News from Cass Business School

MSc Management students test their entrepreneurial skills

Students were challenged to start new venture with £60

Tuesday, 9 March, 2010

What kind of venture can you start with seed funding of just £60?  This was the challenge put to MSc Management students recently as they embarked on an entrepreneurship challenge designed to help give them an understanding of what it’s like to start a new venture.
The students were divided into eight teams of five and were competing to set up and run a venture for at least one day, with the winning team generating the largest return on investment.  The students were encouraged to think creatively and use the resources around them to run their businesses.  So successful were the students that they made a combined profit of £1456.51 and no businesses ran at a loss.  The winning team received £100 and the rest of the money was donated to the British Dyslexia Association.
The Cass 5ive, the most profitable of the teams, generated earning revenues of just over £400 and a net profit of £350 by organising a class photo and selling prints of the photo to their fellow students.  The team consisted of Sushil Raniga, Danielle Brannon, Sankar Sivarajah, Ian Deeks and Sharadh Sindhia.
The teams were also able to call upon the professional advice of entrepreneur Claude Littner, well known for his role as advisor to Sir Alan Sugar on BBC television programme, The Apprentice.Sushil Raniga said: Claude’s insights enabled us to assess our ideas and feasibility of ideas thoroughly. During our team’s brainstorming session we came up with many concepts, with each playing to our strengths as a team. During the class, Claude mentioned that a management team needs to identify dedicated people willing to accept a new or changing dynamic. We realised the significance of this statement whilst we were executing the task on the day. The hurdles we faced constantly changed during this period. A lot of things we planned for went as intended, but a lot of things probably could have been done better. But as a team we adjusted and improvised to the constant changing environment and accomplished everyone’s orders and provided the best service we could.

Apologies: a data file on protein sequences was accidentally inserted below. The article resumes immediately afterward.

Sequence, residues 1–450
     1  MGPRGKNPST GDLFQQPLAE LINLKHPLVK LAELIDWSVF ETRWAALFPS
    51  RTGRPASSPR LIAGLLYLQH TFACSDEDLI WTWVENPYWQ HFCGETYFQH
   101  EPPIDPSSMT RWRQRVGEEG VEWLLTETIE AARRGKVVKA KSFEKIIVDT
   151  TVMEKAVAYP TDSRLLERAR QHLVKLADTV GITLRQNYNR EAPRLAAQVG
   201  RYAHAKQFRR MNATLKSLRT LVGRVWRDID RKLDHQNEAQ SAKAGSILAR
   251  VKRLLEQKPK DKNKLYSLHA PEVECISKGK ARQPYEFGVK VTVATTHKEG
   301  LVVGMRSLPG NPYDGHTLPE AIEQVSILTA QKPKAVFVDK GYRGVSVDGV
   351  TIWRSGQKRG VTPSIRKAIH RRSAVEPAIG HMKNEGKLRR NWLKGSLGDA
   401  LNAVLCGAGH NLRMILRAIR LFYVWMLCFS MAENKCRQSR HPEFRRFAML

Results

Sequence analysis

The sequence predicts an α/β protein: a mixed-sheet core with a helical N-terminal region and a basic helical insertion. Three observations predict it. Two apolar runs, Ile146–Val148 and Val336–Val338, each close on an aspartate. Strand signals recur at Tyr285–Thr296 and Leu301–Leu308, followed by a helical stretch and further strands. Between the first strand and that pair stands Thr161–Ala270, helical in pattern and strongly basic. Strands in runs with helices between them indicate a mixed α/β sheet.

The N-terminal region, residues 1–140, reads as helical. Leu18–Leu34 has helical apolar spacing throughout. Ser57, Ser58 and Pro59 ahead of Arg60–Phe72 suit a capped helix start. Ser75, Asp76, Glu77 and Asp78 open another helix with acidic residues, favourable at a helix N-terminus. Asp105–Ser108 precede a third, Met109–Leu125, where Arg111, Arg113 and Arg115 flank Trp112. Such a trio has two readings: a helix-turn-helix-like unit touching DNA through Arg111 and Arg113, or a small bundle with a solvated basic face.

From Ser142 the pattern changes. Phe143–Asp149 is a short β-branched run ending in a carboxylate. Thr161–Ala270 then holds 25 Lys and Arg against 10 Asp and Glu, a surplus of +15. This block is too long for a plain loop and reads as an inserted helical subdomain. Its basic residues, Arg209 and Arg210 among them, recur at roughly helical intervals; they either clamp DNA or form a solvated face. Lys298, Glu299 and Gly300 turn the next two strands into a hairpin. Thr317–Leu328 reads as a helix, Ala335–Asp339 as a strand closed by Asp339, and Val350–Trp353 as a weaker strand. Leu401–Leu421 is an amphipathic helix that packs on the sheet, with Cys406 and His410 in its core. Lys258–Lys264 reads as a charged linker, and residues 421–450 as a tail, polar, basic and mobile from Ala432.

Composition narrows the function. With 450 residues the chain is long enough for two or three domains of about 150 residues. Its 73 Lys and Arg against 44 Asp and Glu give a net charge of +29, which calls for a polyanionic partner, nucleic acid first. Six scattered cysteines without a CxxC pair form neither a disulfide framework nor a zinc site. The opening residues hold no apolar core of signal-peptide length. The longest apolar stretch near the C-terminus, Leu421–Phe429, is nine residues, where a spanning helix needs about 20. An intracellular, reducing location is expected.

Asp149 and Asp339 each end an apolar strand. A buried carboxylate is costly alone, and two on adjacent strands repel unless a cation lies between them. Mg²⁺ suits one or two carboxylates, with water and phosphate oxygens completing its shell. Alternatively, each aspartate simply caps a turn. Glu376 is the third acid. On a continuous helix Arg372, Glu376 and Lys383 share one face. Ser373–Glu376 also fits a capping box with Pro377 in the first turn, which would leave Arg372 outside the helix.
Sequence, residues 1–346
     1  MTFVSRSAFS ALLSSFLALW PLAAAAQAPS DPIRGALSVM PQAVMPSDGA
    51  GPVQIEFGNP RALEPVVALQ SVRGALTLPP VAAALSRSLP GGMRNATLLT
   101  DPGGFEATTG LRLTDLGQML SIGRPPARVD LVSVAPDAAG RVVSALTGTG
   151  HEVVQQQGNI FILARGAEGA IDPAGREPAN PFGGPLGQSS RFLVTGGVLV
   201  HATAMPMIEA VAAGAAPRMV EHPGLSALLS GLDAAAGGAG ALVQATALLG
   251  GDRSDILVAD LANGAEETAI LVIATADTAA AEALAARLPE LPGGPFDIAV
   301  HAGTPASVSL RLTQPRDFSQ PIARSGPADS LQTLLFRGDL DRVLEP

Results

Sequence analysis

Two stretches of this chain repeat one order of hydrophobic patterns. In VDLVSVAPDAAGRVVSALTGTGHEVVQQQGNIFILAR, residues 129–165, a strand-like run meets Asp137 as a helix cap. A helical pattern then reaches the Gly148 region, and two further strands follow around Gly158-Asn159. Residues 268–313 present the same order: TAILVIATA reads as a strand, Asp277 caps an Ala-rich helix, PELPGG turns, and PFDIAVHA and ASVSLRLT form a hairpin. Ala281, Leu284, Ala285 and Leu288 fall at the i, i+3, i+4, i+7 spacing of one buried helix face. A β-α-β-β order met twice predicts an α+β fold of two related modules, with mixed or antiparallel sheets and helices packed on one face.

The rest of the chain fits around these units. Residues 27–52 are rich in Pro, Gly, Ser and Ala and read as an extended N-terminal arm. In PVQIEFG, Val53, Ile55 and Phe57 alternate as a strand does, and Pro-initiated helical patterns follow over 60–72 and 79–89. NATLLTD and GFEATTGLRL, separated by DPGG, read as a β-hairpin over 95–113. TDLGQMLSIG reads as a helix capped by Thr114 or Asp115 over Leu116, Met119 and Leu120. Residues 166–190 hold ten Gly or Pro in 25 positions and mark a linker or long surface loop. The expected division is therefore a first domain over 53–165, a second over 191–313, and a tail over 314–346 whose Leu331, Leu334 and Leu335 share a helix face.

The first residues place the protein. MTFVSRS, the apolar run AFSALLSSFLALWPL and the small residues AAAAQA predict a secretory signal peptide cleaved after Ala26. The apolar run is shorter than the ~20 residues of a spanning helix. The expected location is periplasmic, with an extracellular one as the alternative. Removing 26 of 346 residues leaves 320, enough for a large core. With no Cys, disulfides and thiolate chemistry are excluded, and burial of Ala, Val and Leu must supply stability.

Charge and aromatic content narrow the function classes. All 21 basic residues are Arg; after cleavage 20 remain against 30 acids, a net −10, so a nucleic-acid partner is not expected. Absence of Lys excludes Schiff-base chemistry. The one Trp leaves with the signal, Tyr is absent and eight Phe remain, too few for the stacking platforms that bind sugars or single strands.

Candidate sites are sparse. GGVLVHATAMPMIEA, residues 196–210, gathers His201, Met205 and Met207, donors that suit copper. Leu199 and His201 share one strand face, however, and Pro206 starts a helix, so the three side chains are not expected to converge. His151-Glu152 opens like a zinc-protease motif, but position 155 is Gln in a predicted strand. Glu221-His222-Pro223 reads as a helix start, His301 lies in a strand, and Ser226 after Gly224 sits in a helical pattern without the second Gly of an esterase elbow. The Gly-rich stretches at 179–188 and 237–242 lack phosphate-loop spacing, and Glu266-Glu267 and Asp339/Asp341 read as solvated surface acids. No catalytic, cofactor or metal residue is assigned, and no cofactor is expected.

Danielle Brannon said she particularly appreciated the challenge as she didn’t have any prior entrepreneurial experience, such as in a family business.  She said: It was incredibly exciting as this was a real chance to flex our entrepreneurial muscles for the first time. It seemed very real as we had the low start-up capital that is often common in entrepreneurial cases and had few resources to achieve something that could not only make us money but could ensure a unique business idea that stands apart from the rest of the market, which in this case was our class.
Julie Logan, Professor of Entrepreneurship, set the students the task and was thrilled with their successes.  She said: The students did really well to generate so much profit, which was much more than I had anticipated.  The learning curve for them has been enormous, particularly from one team that only just made a profit.  I was impressed with the variety of the businesses the students chose to run and the enthusiasm and strategic oversight which was employed.
Sushil said: "Reflecting back and sharing our experiences in class, we learnt that the fundamental element to success in business - no matter how big or small - is teamwork. The support and knowledge of each other is invaluable and working on a platform where sharing ideas, no matter how peculiar they may seem at first, motivated us to deliver a profitable business.

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